Review: ‘Blizzard’, a Refreshing Ode to Winter, Community, and Play

Contemporary circus company FLIP Fabrique presents its world premiere at TOHU until January 5th

Photo Credit: Sébastien Durocher

Contemporary circus company FLIP Fabrique presents its world premiere of Blizzard, a poetic, playful production celebrating the beauty of winter. Elegant acrobatics take the stage amid flurries of snowflakes to celebrate Quebecois identity and the sense of community that keeps us warm in the coldest weather. 

Director Olivier Normand compares this production to a snow-day, a temporary escape from reality, indulging in the light-hearted joy, beauty, and playfulness of winter. However, I was pleasantly surprised to see many facades of winter explored, not just the cheery excitement of childhood. Winter brings fun and games, but also isolation, containment, a greater need for community, a necessary attention to safety, and a trickster-like torment to those who yearn for summer. The theme even calls attention to climate change and the collective responsibility to the melting ice caps. Blizzard subtly touches on these different relationships to winter, with an undertone of hope and awe.


Photo Credit: Sébastien Durocher

Integral to this production’s vivid imagery is its stellar sound design. The action is complemented by one-man live-accompaniment on a trick piano, hiding keyboards and other gadgets within its elegant carved-wood exterior. The resulting musical score is a bouncy, jazzy, ambient blend of acoustic and electronic sounds. Additionally, strategically sampled sound effects create extremely vivid imagery within the minimal set: ice cracking under one’s feet, rocks skipping on a frozen lake, kids playing outside in fresh morning snow, glaciers crumbling into the sea. 

The set is comprised of an unassuming, but visually versatile, giant box. Set designer Marie-Renée Bourget Harvey creates a sublime atmosphere of snow and smoke (evoking swirling clouds of breath or dry ice). Lighting designer Caroline Ross effectively creates many different moods, especially within the various acts. Each scene is made up of many tight transitions and tableaus, keeping the audience’s attention with different perspectives on the same act.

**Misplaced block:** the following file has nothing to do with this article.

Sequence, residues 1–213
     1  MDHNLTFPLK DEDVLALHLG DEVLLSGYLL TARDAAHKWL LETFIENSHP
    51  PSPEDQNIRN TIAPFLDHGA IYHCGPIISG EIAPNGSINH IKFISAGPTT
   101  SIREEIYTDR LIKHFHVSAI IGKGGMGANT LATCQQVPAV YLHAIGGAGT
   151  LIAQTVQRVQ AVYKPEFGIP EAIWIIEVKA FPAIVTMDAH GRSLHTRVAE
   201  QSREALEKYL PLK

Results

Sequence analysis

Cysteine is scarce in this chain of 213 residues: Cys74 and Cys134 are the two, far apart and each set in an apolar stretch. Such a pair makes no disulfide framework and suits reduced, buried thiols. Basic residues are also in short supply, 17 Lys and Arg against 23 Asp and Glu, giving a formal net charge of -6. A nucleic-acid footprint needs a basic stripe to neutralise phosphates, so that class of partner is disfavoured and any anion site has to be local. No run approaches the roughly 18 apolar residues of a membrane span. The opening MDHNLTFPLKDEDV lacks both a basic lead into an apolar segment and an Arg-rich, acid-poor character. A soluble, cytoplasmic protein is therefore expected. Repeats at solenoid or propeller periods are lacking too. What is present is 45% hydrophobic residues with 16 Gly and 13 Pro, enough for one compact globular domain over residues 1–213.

As in any circus show, there is the issue of safety mechanisms onstage. Rather than hiding the “behind the scenes,” the ensemble performs set changes swiftly and dutifully, like shovelling snow. Their collective manual labour, which allows them to play safely and to the fullest, mirrors the way communities are brought together by braving the perils and chores of winter. Despite all safety precautions, circus shows also have the occasional close call—bringing onlookers together in a gasp of worry, like slipping on an icy sidewalk. 


Photo Credit: Sébastien Durocher

Every act is not only physically impressive, but also extremely creative in their use of props. Who knew you could do so many tricks with scarves? Or juggle snowballs with shovels?

One act in particular, an aerial duet, sums up the strengths of this show perfectly. As the aerialists glide through the air with the elegance of ice skaters, the other performers pull a rope across the stage to lift them into the air. This simple task of manual labour becomes an equally important part of the choreography, overlaying a collective synchronicity and unity onto the duo’s tender chemistry. 

A series of clown acts infuses the show with light-hearted humour to contrast the poeticism. Thanks to infomercials by the “Ministère du Froid,” we learn how to bundle up for the cold and what not to do when faced with the irresistible temptation to lick the ice.


Photo Credit: Sébastien Durocher

The show takes a melancholy turn, as the box is turned vertical, resembling a dismal grey high-rise with a solitary person climbing to the top, stepping to the edge, and eventually jumping off. The act silently speaks to relying on each other and embracing oneself when feeling weighed down by seasonal depression. While depicting this dark side of winter, the show remains hopeful, turning the fatal fall into a game or a duet.

The production lacks a strong beginning, and could greatly benefit from an immersive pre-show design to enliven the set and introduce the visual world. Overall, however, the design, the acrobatics, and the themes coalesce into an impressive and entertaining experience. The show’s visual poetry, simple humour, and impressive acts are quite accessible and sure to delight audiences of all ages. It might even make you look forward to going outside again. As the vocalist wisely remarks, “Winter heals in a way we do not know.”


Blizzard presented by Flip Fabrique at TOHU
December 17th, 2019 – January 5th, 2020
Tickets ($22 – 40): 514.376.8648 | www.tohu.ca

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